Parent engagement, not policing, best policy for Internet use(Read article summary)
Parent engagement, not harsh policing may be the best policy for Internet use, according to a recent study of the habits and techniques of thousands of teens and their families in over two dozen countries.
David Spencer/The State Journal-Register/AP
San Jose, Calif.
The guidance has never been clearer, nor have the reasons for it.
Based on surveys of 25,142 families of 9-to-16-year-olds in 25 countries, researchers came to the conclusion that parentsâ active engagement with their kidsâ Internet activities works better than restricting them. They found that, while both imposing restrictions (e.g., installing a filter, banning certain Web sites, or restricting activities like photo-sharing or texting) and actively engaging reduced ârisks of harm,â the more restrictive approach also reduced childrenâs opportunities online.
âFor parents, talking to their child about the internet, encouraging them to explore alone but being nearby in case they are needed and talking to them about what they do online are all ways in which they can reduce online risks without reducing their childâs opportunities,â said EU Kids Online research director Sonia Livingstone in a press release.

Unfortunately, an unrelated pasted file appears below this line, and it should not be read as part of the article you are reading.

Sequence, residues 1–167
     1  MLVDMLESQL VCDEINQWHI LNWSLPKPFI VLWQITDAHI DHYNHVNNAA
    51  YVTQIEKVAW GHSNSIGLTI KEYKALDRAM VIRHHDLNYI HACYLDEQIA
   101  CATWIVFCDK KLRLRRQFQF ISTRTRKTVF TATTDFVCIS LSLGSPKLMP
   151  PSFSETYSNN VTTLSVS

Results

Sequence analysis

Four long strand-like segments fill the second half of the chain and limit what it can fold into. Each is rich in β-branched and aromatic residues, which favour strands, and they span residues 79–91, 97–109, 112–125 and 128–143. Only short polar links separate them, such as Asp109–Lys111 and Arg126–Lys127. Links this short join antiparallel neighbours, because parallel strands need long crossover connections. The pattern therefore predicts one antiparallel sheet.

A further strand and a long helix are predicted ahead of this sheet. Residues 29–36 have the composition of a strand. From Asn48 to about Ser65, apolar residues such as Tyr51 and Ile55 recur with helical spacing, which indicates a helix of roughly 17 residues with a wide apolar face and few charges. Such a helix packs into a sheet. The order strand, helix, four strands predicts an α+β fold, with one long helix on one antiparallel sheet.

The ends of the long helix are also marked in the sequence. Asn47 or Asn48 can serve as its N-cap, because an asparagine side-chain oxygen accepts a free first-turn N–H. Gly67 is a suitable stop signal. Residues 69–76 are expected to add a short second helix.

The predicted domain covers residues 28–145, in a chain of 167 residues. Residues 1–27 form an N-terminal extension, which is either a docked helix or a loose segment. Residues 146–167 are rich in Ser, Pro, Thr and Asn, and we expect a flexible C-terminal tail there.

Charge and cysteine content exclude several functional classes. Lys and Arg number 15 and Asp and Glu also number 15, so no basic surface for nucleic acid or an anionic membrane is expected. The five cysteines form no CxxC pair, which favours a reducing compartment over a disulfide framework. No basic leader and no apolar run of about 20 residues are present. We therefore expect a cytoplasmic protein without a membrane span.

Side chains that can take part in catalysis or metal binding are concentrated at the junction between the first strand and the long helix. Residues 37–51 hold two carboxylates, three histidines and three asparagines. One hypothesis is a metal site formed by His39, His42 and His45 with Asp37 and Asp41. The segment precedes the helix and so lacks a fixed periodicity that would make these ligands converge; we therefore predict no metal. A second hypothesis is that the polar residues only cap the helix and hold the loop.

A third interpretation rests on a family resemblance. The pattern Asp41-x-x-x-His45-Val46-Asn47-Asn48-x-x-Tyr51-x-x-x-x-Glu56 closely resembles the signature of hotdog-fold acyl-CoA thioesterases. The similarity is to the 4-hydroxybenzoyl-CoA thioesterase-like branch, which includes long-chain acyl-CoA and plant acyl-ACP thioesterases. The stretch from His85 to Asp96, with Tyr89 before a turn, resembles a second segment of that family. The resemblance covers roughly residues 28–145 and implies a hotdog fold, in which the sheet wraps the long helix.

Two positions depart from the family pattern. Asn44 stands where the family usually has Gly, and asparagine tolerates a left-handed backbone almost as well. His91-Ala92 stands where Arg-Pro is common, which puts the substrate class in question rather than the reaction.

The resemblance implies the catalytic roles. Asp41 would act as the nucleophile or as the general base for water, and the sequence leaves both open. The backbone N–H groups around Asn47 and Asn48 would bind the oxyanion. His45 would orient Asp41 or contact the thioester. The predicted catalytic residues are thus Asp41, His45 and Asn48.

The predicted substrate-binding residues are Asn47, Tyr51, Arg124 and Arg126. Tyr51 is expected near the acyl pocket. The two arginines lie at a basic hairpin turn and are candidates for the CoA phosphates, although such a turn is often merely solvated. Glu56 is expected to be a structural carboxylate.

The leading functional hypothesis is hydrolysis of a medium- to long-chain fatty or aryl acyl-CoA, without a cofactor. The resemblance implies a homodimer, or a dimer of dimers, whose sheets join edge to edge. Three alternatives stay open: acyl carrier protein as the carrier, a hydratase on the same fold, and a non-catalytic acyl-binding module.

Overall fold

Ms. Livingstone also said that the surveys found a generally âpositive picture in which children welcome parental interest and activities, and parents express confidence in their childrenâs abilities.â
In their analysis â âHow can parents support childrenâs Internet safety?â â the researchers said that âCynicism that what parents do is not valued, or that children will always evade parental guidance, is ungrounded.â
More than two-thirds of the young people surveyed said their parentsâ guidance is helpful â â27 percent âveryâ, 43 percent âa bitâ,â and the 13-to-16-year-olds as much as the younger children.
This resonates closely with what the Pew Internet Project found in its research last year (see âParents Matterâ in my post about it). In fact, the EU Kids Online researchers even heard a small percentage of children say they wish their parents were more involved in their online experiences (5 percent âa lotâ more and 10 percent âa littleâ more).
Interestingly, two-thirds of the young respondents also said their parents âknow a lot (32 percent) or quite a lot (36 percent) about what they do online.â Of course there were differences in digital parenting styles from country to country.
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